The Food and Agriculture Organization of the United Nations (FAO) and World Food Programme (WFP) recently published a fascinating report entitled “Protracted conflicts causing alarming spikes in severe hunger.” They found that approximately half of the global poor now live in states characterized by conflict and violence.
Though Israel did not appear on the list, recent statistics released by the Israel National Insurance Institute found a staggering 1.7 million Israelis, including almost 800,000 children, live below the poverty line and lack food security.
“The term ‘food security’ should give pause to anyone who hears it,” stated Goldie Sternbuch, Director of Overseas Relations for Meir Panim. “Presently, in Israel, food insecurity is a way of life for many.”
Meir Panim was established in 2000 to help alleviate and diminish the harmful effects of poverty and hunger in Israel. The organization maintains six free restaurant-style soup kitchens across Israel which feed thousands of hungry individuals fresh, hot and nourishing meals daily.
Israel is no stranger to conflict. Wars every few years along with continuous terror attacks negatively impact the ability to eke out a decent living. Though southern Israel was bombarded with rockets for more than a decade, Meir Panim’s area soup kitchen always kept its doors open.
“Hunger doesn’t take a break during times of war or terror,” noted Sternbuch. “In fact, quite the opposite. The needs of struggling people increase.”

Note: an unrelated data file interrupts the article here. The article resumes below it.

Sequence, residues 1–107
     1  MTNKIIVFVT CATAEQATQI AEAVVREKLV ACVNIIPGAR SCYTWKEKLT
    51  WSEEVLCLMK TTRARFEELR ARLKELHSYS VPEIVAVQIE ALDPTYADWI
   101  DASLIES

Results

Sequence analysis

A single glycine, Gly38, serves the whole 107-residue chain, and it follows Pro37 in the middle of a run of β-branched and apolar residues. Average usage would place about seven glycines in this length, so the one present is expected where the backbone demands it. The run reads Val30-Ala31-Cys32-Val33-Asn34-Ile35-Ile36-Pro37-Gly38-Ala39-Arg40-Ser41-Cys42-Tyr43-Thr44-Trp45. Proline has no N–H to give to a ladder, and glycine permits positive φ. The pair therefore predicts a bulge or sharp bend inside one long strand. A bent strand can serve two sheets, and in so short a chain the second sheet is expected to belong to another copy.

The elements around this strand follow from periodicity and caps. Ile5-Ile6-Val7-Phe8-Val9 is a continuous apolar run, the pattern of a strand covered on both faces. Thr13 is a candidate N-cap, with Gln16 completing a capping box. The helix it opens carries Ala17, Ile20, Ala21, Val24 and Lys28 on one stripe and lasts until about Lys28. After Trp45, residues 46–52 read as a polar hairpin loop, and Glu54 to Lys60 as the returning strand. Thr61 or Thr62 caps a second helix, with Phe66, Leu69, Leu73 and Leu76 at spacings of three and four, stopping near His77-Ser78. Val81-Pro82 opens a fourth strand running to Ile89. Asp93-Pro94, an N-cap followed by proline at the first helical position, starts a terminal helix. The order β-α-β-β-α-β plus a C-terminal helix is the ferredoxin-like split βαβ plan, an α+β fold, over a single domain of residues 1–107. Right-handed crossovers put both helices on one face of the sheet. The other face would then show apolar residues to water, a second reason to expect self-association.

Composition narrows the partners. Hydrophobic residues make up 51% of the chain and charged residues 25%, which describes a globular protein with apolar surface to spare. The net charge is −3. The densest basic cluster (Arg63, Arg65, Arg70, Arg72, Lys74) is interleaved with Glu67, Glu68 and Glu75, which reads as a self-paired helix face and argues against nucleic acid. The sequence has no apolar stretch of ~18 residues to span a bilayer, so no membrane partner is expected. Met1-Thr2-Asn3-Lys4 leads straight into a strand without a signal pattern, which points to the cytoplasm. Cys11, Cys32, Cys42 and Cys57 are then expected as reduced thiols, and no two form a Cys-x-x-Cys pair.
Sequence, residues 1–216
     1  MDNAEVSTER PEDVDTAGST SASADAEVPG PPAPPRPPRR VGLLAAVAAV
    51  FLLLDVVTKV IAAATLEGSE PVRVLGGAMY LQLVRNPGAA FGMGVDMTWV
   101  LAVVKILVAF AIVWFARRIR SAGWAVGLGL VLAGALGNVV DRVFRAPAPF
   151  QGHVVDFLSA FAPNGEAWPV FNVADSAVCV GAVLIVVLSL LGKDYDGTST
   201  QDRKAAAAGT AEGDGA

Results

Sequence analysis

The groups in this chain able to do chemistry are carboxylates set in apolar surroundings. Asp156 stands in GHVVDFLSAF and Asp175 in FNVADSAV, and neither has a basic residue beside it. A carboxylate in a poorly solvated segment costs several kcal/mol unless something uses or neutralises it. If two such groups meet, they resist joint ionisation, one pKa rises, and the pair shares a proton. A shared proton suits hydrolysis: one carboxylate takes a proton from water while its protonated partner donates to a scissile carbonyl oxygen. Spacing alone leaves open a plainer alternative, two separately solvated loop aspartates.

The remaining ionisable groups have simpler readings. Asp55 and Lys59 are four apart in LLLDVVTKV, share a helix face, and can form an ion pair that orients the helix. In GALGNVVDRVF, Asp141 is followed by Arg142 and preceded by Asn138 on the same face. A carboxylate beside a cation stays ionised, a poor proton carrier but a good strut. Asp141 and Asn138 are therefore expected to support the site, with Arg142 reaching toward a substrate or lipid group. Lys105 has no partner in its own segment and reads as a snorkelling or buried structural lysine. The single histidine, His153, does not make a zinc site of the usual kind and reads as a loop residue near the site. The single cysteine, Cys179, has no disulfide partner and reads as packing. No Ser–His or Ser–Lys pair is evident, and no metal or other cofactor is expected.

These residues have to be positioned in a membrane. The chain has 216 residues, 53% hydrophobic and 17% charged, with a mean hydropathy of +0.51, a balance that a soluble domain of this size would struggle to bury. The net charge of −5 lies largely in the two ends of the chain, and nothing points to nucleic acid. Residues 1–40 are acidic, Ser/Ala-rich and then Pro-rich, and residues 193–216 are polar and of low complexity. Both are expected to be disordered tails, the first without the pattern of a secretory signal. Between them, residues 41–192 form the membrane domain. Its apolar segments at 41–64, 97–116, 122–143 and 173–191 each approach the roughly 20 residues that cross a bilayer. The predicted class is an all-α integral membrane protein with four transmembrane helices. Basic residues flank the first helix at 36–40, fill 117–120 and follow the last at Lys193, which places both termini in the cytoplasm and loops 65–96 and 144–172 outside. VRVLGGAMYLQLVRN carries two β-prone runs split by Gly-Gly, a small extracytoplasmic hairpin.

The FAO and WFP report notes that protracted conflicts are connected to severe food insecurity and hinder global efforts to eradicate malnutrition. The UN Security Council highlighted how millions of people trapped in a vicious cycle of violence increases food insecurity levels to “crisis” or “emergency” levels causing hunger and malnutrition.
“Though Meir Panim works daily to alleviate immediate hunger, our focus is on long-term ramifications,” explained Sternbuch. “Hungry people get sick more easily. Hungry people, especially children, cannot do well in school or make a living, which continues the tragic cycle of poverty instead of having tools to break free and build productive lives.”
Sternbuch notes that food has always been the path to ease one’s mind and heart, stating that a delicious hot meal along with some socialization and a bag of goodies to keep in one’s refrigerator gives life for today and hope for the future.
FAO and WFP go as far as stating, “Addressing hunger can be a meaningful contribution to peace-building.” Meir Panim is praying that it should be that easy.